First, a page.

I think it's less interesting that Lana Del Ray is doing what she's doing than that the cycle for this sort of reflection on pop, and the cycle of stardom, has accelerated as it has. Lady Gaga seems to have become just part of the landscape faster than Madonna did, for example, and I'd predict that Lana Del Ray will be a similarly short-lived phenomenon. I am utterly unconvinced by the author's assertion that Del Ray has displaced Beyoncé, however; my sense is that Beyoncé's audience is broader than Del Ray's and that her career will have substantial longevity.

This doesn't mean there's no there there with Madonna, Lana, or Gaga, but rather that in the 21st century the terrain being mapped through pop is volatile and diverse. Del Ray has a top album right now, but hers won't be the only big-selling pop album, let alone album, of the summer of 2014, let alone the year 2014.

Trying to claim her sales success makes her the chanteuse of the zeitgeist is rather tunnel-visioned, and this piece -- like so many pop/rock music think-pieces over the last five decades -- seems more like a theory looking for a phenomenon than a phenomenon demanding a theory.
posted by kewb at 8:58 AM on July 12 [1 favorite]


Speaking of 90s precedents, this music was praised to the skies back then. Ennui? Check. Banal chorus? Check. World-weary attitude? Check, check, check.

However: when Lana Del Rey does pretty much the same thing, it's "cringingly vapid."
posted by blucevalo at 9:00 AM on July 12


Indie music writers complain of her gimmicky transformation from under-the-radar Brooklyn songstress Lizzy Grant to pop phenom Lana Del Rey. (Do they feel similarly peeved with Bob Dylan, once known as Bob Zimmerman?)
Or David Bowie, or Elton John?

Lady Gaga and before her Madonna also draw this "she's so manufactured" criticism because they use a stage name -- and by implication a staged persona. It feels a bit gendered to me: men who use stage names and theatricalilty rarely draw the same criticism.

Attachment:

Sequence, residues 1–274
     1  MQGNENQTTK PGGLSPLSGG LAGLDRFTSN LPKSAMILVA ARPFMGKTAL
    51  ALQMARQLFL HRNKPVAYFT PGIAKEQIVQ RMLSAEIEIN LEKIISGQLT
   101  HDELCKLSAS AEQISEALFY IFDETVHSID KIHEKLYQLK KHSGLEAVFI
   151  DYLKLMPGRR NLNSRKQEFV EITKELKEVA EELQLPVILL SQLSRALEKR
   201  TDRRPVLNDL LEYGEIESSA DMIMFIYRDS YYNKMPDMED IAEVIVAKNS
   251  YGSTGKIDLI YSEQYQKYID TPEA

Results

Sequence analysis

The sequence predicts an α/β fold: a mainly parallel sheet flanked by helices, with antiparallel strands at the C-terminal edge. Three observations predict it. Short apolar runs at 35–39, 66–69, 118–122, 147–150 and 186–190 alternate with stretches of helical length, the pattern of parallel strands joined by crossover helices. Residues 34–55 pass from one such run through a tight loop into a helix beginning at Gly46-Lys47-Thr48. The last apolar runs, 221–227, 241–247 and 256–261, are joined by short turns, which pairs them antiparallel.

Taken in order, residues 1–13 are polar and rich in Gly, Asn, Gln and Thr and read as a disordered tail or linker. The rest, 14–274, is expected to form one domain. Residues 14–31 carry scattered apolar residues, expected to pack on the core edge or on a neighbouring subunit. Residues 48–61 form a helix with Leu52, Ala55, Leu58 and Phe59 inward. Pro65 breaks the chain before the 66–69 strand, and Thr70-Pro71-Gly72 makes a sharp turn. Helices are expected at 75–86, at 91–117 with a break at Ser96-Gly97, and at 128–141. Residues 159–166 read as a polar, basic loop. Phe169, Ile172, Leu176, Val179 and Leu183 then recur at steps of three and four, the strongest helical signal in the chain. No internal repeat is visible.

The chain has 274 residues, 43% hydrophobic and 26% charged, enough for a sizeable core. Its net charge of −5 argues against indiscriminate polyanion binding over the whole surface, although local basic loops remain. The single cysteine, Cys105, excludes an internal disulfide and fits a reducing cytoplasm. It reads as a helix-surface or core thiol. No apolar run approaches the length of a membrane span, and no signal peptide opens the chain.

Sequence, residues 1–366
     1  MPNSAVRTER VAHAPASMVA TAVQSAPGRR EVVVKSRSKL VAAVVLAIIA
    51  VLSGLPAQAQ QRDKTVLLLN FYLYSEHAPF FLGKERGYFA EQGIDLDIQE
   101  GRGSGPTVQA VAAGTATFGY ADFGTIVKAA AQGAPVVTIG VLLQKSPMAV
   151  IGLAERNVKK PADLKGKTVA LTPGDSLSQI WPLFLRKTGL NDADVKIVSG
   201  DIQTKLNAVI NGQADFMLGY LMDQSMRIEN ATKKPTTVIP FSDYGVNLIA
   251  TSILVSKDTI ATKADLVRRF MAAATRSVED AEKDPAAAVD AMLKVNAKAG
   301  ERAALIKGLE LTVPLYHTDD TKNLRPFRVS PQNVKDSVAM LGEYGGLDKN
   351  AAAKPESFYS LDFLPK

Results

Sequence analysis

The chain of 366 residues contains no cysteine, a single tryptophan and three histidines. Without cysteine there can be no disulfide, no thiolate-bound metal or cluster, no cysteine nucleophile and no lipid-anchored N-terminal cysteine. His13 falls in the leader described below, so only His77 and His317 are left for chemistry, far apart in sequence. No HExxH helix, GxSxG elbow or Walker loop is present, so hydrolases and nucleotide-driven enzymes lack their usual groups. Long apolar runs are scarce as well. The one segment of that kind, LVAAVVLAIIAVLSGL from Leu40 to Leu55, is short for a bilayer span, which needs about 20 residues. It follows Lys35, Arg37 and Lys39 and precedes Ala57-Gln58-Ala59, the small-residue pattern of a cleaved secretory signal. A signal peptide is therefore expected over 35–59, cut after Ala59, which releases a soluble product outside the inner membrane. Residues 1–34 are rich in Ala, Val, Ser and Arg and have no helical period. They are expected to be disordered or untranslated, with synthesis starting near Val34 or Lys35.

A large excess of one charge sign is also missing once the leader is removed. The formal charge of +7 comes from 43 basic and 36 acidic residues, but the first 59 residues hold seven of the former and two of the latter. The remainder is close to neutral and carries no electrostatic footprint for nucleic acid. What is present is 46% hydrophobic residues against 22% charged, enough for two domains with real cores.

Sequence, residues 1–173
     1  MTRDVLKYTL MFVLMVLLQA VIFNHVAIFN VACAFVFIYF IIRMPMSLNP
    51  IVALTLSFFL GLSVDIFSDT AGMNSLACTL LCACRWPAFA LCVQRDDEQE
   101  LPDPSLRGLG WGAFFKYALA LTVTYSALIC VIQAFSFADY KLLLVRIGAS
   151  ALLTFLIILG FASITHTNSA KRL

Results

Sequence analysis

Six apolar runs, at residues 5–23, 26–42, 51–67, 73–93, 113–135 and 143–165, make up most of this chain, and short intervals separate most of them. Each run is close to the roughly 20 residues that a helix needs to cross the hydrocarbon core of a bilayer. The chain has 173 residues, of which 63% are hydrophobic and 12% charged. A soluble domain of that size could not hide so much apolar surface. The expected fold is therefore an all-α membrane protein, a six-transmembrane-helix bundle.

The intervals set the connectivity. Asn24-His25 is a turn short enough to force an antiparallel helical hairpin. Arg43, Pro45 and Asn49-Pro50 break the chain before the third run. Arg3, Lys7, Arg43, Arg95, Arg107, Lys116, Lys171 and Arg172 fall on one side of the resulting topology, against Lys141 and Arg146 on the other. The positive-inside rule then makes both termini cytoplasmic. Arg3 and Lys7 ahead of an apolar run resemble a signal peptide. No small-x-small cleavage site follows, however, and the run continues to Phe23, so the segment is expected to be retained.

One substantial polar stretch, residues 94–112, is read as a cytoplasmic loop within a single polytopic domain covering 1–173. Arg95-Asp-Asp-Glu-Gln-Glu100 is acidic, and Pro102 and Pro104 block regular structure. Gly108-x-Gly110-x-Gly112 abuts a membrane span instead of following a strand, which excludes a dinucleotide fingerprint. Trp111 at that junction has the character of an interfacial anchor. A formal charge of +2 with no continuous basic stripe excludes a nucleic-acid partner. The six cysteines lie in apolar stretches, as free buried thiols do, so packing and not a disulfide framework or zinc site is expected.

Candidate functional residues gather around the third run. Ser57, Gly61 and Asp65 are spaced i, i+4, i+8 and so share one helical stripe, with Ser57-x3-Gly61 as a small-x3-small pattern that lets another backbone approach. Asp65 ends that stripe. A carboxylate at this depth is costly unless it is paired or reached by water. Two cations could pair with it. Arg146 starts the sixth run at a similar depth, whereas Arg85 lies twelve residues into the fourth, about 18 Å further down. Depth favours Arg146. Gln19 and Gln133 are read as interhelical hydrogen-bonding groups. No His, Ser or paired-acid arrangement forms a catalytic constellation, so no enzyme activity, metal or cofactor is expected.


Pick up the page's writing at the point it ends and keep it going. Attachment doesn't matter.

(Maybe Marilyn Manson as a counter-example? although a messy one because he notably chose a feminine stage name...)
posted by We had a deal, Kyle at 9:05 AM on July 12 [2 favorites]


I saw her at Coachella and having never listened to her or followed her since Video Games, the adoration she was getting from her younger fans was quite amazing to see. I had assumed she was some kind of a sex symbol, not a hero for a younger demographic. A bunch of them had flowers for her and she walked down, got those flowers, gave those girls kisses and one extremely happy and disbelieving guy a kiss on his lips and by this time the girls and guy were reduced to tears.

So, much respect to her for doing that, it was a slightly rambling set and she looked a little high, but it ended up being a memorable set for this reason. I was going to leave after a couple of songs but stuck around, because the crowd was too dense to fight my way out of and the level of devotion she seemed to inspire in her younger fans was quite simply amazing to see.

The downside was that there were a lot of disinterested young people next to me during the Neutral Hotel Set who had staked out a good spot for Lana. They couldn't have been more bored - there was a lot of texting and sighing going on during their set. :-)

This thread puts it all into context now. Got to love metafilter.
posted by viramamunivar at 9:10 AM on July 12 [1 favorite]


For the record, if Trent Reznor or John Lennon penned a chorus that had them disenchantedly half-moaning "I'm a sad boy, I'm a sad boy, I'm a sad boy, I'm a bad boy, I'm a bad boy" in the middle of a song that's bored with itself, I'd call them cringingly vapid too. There's no shortage in this world of sad teens who act like they want to die; there's your market and all the explanation you need, probably.
posted by naju at 9:12 AM on July 12 [1 favorite]


I spent most of my teen years listening to Nine Inch Nails and can attest to the fact that over 90 percent of Reznor's lyrics are literally the words "I'm a sad boy" with various combinations of machines and bees and ghosts doing backup vocals